R v The Ministry of Agriculture, Fisheries and Food and Another ex parte and Another

JurisdictionEngland & Wales
CourtQueen's Bench Division (Administrative Court)
Judgment Date04 November 1999
Judgment citation (vLex)[1999] EWHC J1104-5
Docket NumberCase No : CO/1400/94
Date04 November 1999

[1999] EWHC J1104-5





Mr Justice Richardsmr Justice Richardsmr Justice Richards

Case No : CO/1400/94

The Ministry of Agriculture, Fisheries and Food
(Acting by Its Executive Agency the Pesticides Safety Directorate)
Ex Parte
British Agrochemicals Association Limited

Mr David Pannick QC and Mr Thomas De La Mare instructed by Hammond Suddards (Solicitors) London, EC27 5ET appeared on behalf of the Applicant.

Mr Kenneth Parker QC instructed by the MAFF Legal Department Solicitors appeared on behalf of the Respondent.


Thursday 4 November 1999


In May 1994 the applicant ("British Agrochemicals") brought judicial review proceedings to challenge the legality of arrangements made by the respondent ("MAFF"), acting through its executive agency the Pesticides Safety Directorate ("PSD"), for allowing imported pesticides onto the market in the United Kingdom. In November 1995 Popplewell J ordered that questions of EC law be referred to the European Court of Justice ("the ECJ") for a preliminary ruling. The ECJ gave its judgment on 11 March 1999. The matter now comes back to this court for a decision on the legality of the challenged arrangements. Unfortunately the parties cannot agree on the meaning or effect of the ECJ's judgment.


The Control Arrangements


Since the coming into force of the Control of Pesticides Regulations 1986 ( SI 1986 No.1510), made under powers conferred by the Food and Environment Protection Act 1985, no pesticides can be put on the market in the United Kingdom without first obtaining statutory approval. The basic objectives of the statutory scheme, as explained in section 16(1)(a) of the 1985 Act, are to protect the health of human beings, creatures and plants, to safeguard the environment, and to secure safe, efficient and humane methods of controlling pests. The approvals system is rigorous, expensive and time-consuming.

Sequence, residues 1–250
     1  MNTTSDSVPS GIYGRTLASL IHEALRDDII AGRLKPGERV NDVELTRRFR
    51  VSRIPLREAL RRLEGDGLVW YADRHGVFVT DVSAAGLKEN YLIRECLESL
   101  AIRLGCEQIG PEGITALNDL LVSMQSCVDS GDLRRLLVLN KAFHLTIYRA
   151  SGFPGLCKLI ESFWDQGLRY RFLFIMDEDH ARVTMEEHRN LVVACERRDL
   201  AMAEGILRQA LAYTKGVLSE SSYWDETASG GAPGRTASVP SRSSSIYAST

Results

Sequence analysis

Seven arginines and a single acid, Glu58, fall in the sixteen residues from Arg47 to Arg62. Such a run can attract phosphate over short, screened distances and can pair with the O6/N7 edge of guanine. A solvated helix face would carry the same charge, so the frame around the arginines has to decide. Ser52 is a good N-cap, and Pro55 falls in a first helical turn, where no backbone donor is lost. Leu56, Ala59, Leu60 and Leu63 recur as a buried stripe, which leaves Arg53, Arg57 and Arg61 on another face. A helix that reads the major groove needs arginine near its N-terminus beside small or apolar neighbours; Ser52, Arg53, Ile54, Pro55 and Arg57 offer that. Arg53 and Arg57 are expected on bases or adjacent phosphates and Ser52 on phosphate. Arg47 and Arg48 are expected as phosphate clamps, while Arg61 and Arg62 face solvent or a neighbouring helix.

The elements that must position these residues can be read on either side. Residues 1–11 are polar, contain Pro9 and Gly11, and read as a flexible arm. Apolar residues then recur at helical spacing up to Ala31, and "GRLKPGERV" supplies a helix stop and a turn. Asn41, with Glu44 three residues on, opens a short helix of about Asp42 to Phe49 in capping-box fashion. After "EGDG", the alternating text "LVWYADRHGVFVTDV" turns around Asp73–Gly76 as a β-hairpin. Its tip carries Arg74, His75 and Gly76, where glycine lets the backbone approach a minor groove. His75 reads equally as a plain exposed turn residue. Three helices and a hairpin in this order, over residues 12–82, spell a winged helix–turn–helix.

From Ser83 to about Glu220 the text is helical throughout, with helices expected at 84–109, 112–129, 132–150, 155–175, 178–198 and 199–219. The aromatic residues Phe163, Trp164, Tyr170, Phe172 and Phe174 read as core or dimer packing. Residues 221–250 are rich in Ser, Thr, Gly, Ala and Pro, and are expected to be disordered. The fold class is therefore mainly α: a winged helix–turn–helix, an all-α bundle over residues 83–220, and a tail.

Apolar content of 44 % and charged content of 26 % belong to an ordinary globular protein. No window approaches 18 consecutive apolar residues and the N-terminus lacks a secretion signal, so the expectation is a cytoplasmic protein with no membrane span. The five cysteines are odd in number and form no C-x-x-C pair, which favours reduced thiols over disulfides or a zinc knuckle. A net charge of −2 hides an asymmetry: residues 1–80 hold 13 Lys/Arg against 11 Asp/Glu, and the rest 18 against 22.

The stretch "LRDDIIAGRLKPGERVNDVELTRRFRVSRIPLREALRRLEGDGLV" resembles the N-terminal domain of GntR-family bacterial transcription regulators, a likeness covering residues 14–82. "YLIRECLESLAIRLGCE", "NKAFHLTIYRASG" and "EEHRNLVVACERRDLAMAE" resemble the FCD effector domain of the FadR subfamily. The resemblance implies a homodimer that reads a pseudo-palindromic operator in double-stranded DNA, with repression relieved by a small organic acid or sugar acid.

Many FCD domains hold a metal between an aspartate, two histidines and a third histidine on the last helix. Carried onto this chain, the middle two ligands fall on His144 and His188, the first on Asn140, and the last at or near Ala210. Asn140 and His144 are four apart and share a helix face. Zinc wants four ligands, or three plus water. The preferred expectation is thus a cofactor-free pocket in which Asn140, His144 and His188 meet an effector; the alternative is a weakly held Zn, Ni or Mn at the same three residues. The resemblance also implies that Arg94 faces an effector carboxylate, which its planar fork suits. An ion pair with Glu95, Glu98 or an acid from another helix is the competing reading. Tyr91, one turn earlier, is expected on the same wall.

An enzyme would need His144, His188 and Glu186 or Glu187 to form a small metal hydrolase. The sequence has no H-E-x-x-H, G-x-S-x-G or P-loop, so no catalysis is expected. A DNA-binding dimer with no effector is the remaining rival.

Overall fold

That approvals system was considered inappropriate where persons sought to import into the United Kingdom pesticides that were regarded as materially identical to a product that had already received approval. A fast-track approval scheme was therefore created for such parallel imports. The scheme as originally introduced by the 1986 Control Arrangements was limited to parallel imports from other EC Member States and was based on the "master" approval holder certifying that the product was a genuine parallel import. New Control Arrangements were introduced in 1989, still limited to parallel imports from other Member States but with a different method of determining that the imported product was identical to the master product. The system of pre-approval checking was replaced by a system which relied on the applicant guaranteeing identicality between the imported product and the master product, backed up by a system of post-approval of the imported product by means of monthly returns and, where appropriate, the provision of samples.


The scheme was extended and modified by the 1994 Control Arrangements which are the subject of the present challenge. Those arrangements, made pursuant to regulation 5 of the 1986 Regulations, came into force on 14 March 1994. They extend the scheme to cover imports from outside the European Union. They provide for the approval of imported pesticide products "identical to products having extant provisional or full approval" under the 1986 Regulations.


Two aspects of the 1994 Control Arrangements are central to the present dispute. First, the definition of identicality in paragraph 3(a):

"For the purpose of these arrangements an imported product is deemed to be identical to a master product if �

the active ingredient in the imported product is manufactured by the same company (or by an associated undertaking or under licence �) as the active ingredient of the UK master product and is the same within variations accepted by the registration authority;

and the formulation of the imported product is produced by the same company (or by an associated undertaking or under licence) as that of the UK master product and any differences in the nature, quality and quantity of the components are deemed by the registration authority to have no material effect on the safety of humans, domestic animals, livestock, wildlife or the environment generally or on efficacy."